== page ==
- Almost three hours of new interviews with members of the cast and crew, including co-writer/director Dario Argento, actors Macha Méril, Gabriele Lavia, Jacopo Mariani and Lino Capolicchio (Argento’s original choice for the role of Marcus Daly), production manager Angelo Iacono, composer Claudio Simonetti, and archival footage of actress Daria Nicolodi
- Italian trailer
- Arrow Video 2018 trailer
- Image galleries
- Archival introduction to the film by Claudio Simonetti of Goblin
- Profondo Giallo – an archival visual essay by Michael Mackenzie featuring an in-depth appreciation of Deep Red, its themes and its legacy
- Archival interviews with Dario Argento, Daria Nicolodi, Claudio Simonetti and long-time Argento collaborator Luigi Cozzi
- US theatrical trailer
Arrow has smartly included all the previous features included on their Blu-Ray edition of the film and added a few new ones.
The newly recorded commentary from Troy Howarth and Nathaniel Thompson is exactly what you expect from this dynamic duo that has recorded numerous deeply, pun intended, researched, and entertaining commentary tracks, here is no different. Some of the details include both calling it one of their Favorite Argento Film and Giallo, the production length, the various versions of the film and a discussion about the subtractions, the progression of the style of Dario Argento, the style of Giallo, the fact that this is a non-anamorphic but framed perfectly and still composed, the work of cinematographer Luigi Kuveiller, the reason why the dubbing wasn’t done by David Hemmings in English, the work of Hemmings in the film, his thoughts on the film itself, Hemmings career on the stage and theater, the LBGTQ+ characters and stories in this film and in other Giallos, Argento wanting to make a Giallo centered around a gay couple, the score and the trouble with its production, the fall out between Ennio Morricone and Dario Argento, John Carpenter’s love of Argento and Argento’s influence on various Carpenter’s projects including Halloween, Halloween II, and The Fog, Argento’s learning from the various masters he worked with during his time as a screenwriter, the work of Nicoletta Elmi who eventually worked on Demons, the Deep Red musical that was a failure, the imitators and how Argento changed gears because of that, and how that begat the creation of Deep Red, the relationship Daria Nicolodi and Argento, Carlo Rambaldi’s Makeup FX work, and much more. Cannot recommend this commentary track enough.
The archival audio commentary by Danish Filmmaker and Historian Thomas Rostock begins with discussing the opening moments. Some of the details include the way that the opening title scene interrupts itself, the origins of the film and how Argento’s idea of a psychic in an opulent theatre for another film transitioned to Deep Red, how they achieved some of the macro look at the various serial killer ephemera, how the bar featured prominently in the film was actually a built set that the city asked Argento to not tear down because they loved it so much, the vagueness of the sexual relationship between Hemming and Nicoldi’s relationship and why it was important to the story, how the casting of Nicoldi came about, why he cast Macha Meril, the themes of fascism and violence in Italy’s past that plays out in Deep Red, the use of LBGTQ+ characters in Argent’s films, the development of the script and the massive assist by novelist and co-writer Bernardino Zapponi, how Argento has been compared to Hitchcock but how that is just not true because of his directorial style and his use of multiple subjective points of views, where Deep Red lines up within Argento’s filmography, Argento’s later era films and their less than successful attempt to have the director return to Giallo, the ending and how the film is wrapped up, and much more. Rostock gives us a solid commentary track that does feature a lot of descriptions of what is occurring through … he manages to imbue these moments with information about what he’s talking about with some truly great insights.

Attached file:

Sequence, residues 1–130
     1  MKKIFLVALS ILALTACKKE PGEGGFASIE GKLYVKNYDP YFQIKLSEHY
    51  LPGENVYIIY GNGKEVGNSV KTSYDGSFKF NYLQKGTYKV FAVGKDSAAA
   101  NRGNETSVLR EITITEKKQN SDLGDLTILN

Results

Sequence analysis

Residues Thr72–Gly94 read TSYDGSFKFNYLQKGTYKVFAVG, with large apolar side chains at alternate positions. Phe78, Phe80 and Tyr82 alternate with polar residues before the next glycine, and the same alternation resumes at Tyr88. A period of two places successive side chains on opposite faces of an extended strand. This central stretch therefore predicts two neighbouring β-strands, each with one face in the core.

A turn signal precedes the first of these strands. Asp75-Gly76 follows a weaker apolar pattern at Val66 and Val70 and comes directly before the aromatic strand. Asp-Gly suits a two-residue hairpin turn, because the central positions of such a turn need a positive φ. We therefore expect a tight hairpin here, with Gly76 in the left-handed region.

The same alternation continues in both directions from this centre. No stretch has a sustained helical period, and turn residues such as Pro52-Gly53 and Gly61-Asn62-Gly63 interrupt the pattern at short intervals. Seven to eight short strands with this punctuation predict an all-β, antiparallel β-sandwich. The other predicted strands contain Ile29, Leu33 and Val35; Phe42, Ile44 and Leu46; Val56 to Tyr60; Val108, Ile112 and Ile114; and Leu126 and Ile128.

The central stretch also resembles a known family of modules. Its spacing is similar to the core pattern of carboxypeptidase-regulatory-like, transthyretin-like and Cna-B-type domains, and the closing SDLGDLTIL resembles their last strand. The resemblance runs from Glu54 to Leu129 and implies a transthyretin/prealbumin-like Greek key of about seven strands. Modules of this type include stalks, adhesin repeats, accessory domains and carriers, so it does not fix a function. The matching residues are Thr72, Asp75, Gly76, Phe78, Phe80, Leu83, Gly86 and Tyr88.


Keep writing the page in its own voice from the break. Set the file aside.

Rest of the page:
Profondo Giallo is a 30-minute visual essay by critic Michael Mackenzie that takes an In-Depth look at Deep Red, its influences, and its place in Giallo history.
Rosso Recollections is a 20-minute interview with Dario Argento. The director is still critical of his work here but it is nowhere near his criticisms of The Cat O’ Nine Tails. Here Argento seems to have a genuine affection for his work (which good reason, it’s masterful), breaking down how the project came to be, and his history and future with it (he wanted to do a 3D remake which was cast aside once his terrible Dracula 3D was released).
The Lady in Red is a 25-minute interview with Daria Nicolodi about her role in the film, her career, and her time with Dario Argento. It’s a great interview filled with interesting tidbits about the making of Deep Red and the personal drama that led Argento to make the film. Her comments about Argento’s remake plans are especially fun and pointed.
Music to Murder For! is a 15-minute interview with Goblin’s Claudio Simonetti. The Keyboardist for the seminal Italian Prog Rock Band discusses how they became involved with Deep Red, their history with Argento, and their recent reunion tour.
The Final Thoughts
Deep Red is one of Argento’s very best Giallo and Arrow has gone even further with their 4K UHD release! Highest possible recommendations!!!!!
Note: Parts of this review were taken from the original 2018 Arrow Video Blu-Ray